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ISSN: 2155-6156
Journal of Diabetes & Metabolism
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Relationship between Urinary Pentosidine Concentration and Vascular Complications in Type 2 Diabetic Patients

Masami Tanaka*

Department of Internal Medicine, School of Medicine, Keio University, 35 Shinanomachi, Shinjuku-ku, Tokyo 160-8582, Japan

*Corresponding Author:
Masami Tanaka
Department of Internal Medicine
School of Medicine, Keio University
35 Shinanomachi, Shinjuku-ku, Tokyo 160-8582, Japan
Tel: 81-3-5363-3797
Fax: 81-3-3359-2745
E-mail: [email protected]

Received date: January 05, 2016; Accepted date: January 26, 2016; Published date: January 30, 2016

Citation: Tanaka M (2016) Relationship between Urinary Pentosidine Concentration and Vascular Complications in Type 2 Diabetic Patients. J Diabetes Metab 7:640. doi: 10.4172/2155-6156.1000640

Copyright: © 2016 Tanaka M. This is an open-access article distributed under the terms of the Creative Commons Attribution License, which permits unrestricted use, distribution, and reproduction in any medium, provided the original author and source are credited.

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Abstract

Objective: We examined the relationship between urinary pentosidine concentration and vascular complications in patients with type 2 diabetes in order to investigate the pathophysiological roles of pentosidine. Methods: We performed a cross-sectional study in 119 Japanese patients with type 2 diabetes. The correlation of urinary pentosidine concentration with age, diabetes duration, HbA1c and blood glucose levels was investigated. Urinary pentosidine concentration was compared between patients with and without diabetic microvascular complications (retinopathy, nephropathy, and neuropathy), and macrovascular disease. Results: Urinary pentosidine concentration showed a significant positive correlation with age and duration of diabetes. However, it did not correlate with HbA1c, fasting plasma glucose, and postprandial plasma glucose. Patients with diabetic retinopathy showed a significantly higher urinary pentosidine concentration than those without retinopathy. On the other hand, urinary pentosidine concentration did not differ between patients with and without nephropathy, neuropathy, and macrovascular diseases. Stepwise regression analysis demonstrated that age, body mass index, and retinopathy were independent determinants of urinary pentosidine concentration. Logistic regression analysis demonstrated that urinary pentosidine concentration and duration of diabetes were independent determinants of diabetic retinopathy. Conclusion: Urinary pentosidine might have significance as a novel biomarker of retinopathy in patients with type 2 diabetes.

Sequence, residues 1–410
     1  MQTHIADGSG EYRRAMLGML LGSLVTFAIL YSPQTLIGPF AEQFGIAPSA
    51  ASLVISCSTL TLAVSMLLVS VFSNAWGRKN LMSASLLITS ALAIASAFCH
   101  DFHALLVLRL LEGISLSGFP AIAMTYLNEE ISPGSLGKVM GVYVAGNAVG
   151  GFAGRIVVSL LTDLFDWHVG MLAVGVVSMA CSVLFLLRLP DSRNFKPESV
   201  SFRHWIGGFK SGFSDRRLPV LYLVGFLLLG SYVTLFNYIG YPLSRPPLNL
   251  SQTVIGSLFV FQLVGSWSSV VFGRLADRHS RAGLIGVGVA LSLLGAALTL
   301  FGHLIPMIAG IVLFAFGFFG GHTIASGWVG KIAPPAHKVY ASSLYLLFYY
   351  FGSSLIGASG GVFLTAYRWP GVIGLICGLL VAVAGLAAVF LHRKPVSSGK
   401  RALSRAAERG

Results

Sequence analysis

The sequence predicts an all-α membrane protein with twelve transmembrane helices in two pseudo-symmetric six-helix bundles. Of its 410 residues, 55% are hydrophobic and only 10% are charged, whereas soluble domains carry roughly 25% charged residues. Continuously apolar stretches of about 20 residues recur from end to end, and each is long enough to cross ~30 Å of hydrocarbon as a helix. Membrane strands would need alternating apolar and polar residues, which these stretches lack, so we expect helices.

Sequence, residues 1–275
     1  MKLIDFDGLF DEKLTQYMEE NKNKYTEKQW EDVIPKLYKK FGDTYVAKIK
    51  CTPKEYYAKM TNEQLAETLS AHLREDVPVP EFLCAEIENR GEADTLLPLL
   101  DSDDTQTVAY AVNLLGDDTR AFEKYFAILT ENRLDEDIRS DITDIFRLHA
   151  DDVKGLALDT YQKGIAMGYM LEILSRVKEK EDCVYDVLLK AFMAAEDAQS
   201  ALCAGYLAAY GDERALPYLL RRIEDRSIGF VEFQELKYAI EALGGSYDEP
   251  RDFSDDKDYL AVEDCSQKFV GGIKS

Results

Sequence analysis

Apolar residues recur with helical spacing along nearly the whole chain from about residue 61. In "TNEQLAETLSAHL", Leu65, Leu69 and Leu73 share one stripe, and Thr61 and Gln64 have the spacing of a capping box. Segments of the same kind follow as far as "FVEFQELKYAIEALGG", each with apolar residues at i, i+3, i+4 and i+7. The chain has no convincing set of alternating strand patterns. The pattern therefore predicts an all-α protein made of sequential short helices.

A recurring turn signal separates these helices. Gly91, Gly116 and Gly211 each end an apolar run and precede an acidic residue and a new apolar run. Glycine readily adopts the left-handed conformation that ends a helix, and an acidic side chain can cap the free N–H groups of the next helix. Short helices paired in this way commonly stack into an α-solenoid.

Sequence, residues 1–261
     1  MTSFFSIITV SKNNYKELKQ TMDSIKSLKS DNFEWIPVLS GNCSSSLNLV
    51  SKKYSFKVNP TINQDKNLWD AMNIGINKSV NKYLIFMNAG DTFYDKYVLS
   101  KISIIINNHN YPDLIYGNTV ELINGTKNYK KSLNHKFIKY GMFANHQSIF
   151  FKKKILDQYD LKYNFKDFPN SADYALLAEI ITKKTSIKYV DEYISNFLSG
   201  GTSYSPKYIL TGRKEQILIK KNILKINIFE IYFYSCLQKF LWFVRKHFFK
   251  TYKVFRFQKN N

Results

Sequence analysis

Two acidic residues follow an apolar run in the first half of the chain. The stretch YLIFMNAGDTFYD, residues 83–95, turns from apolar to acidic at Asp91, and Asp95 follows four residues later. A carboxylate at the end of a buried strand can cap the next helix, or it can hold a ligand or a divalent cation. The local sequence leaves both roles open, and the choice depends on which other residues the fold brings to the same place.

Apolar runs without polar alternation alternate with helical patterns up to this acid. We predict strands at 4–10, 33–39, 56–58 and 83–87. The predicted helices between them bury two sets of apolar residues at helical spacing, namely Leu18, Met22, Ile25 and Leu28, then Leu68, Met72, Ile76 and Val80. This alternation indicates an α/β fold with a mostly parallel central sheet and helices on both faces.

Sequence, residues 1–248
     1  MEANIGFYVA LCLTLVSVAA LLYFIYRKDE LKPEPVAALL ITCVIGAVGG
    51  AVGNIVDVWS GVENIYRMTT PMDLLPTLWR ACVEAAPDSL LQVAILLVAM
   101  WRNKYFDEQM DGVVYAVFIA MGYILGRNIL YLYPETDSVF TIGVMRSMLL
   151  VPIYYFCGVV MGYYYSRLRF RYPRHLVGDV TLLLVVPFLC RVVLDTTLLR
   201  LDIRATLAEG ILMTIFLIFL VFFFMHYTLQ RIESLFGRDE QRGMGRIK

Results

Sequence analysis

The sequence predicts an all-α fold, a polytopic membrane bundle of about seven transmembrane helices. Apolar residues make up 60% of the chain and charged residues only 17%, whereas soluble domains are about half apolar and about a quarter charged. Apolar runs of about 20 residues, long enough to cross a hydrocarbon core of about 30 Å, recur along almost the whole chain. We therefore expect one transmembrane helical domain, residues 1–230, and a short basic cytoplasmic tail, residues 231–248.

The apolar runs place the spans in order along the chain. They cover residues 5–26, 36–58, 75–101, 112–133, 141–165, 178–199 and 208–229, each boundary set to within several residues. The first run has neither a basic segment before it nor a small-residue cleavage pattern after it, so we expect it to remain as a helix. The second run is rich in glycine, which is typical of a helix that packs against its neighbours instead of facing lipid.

Keywords

Advanced glycation end-products (AGEs); Pentosidine, type 2 diabetes mellitus; Diabetic retinopathy; Microvascular complication; Macrovascular complication; Biomarker

Introduction

Advanced glycation end-products (AGEs) are of great interest in the pathogenesis of both micro- and macrovascular disease. AGEs are formed irreversibly by the sequential non-enzymatic glycation and oxidation of proteins, and form excessive cross-links between tissue proteins [1]. AGEs alter the structure of the extracellular matrix and change the nature of various cells, leading to dysfunction of various organs.

The formation and accumulation of AGEs in the human body occur during normal aging [2]. However, this process is accelerated under a hyperglycemic condition [3]. In diabetic patients, this accelerated formation and accumulation of AGEs might be involved in the development of microvascular complications [4-6].

Pentosidine is one of the best chemically characterized AGE compounds [2,7]. It is known that the concentration of pentosidine increases with age [2], diabetes [8], and renal failure [7,9]. Elevated serum concentrations of pentosidine have been shown in diabetic patients with retinopathy [10-12], nephropathy [13-16], and peripheral artery disease [17]. This phenomenon is observed in both type 1 [10,16] and type 2 [11-15,17] diabetes. However, the mechanisms by which pentosidine causes micro- and macrovascular complications in diabetic patients are not yet elucidated.

In the present study, we examined the relationship between urinary pentosidine concentration and vascular complications in patients with type 2 diabetes mellitus in order to investigate the pathophysiological roles of pentosidine. In order to compare the importance of pentosidine among micro- and macro- vascular complications, three microvascular diseases (retinopathy, nephropathy, neuropathy) and three macrovascular diseases (cerebral infarction, coronary heart disease, peripheral artery disease) were investigated in the same patients at the same time.

Methods

Study subjects

We performed a cross-sectional study in 119 consecutive Japanese patients (60 men and 59 women) with type 2 diabetes mellitus (age 37-85 years; mean 67 years) who were admitted to Keio University Hospital for blood glucose control from January to September 2011. Patients receiving hemodialysis or peritoneal dialysis, whose age was less than 20, who were pregnant, or whose hemodynamic condition was unstable were excluded from this study. The study was approved by the ethical committee of Keio University School of Medicine (IRB approved number: 2010-196) and performed in accordance with the Declaration of Helsinki. Written informed consent was obtained from all subjects.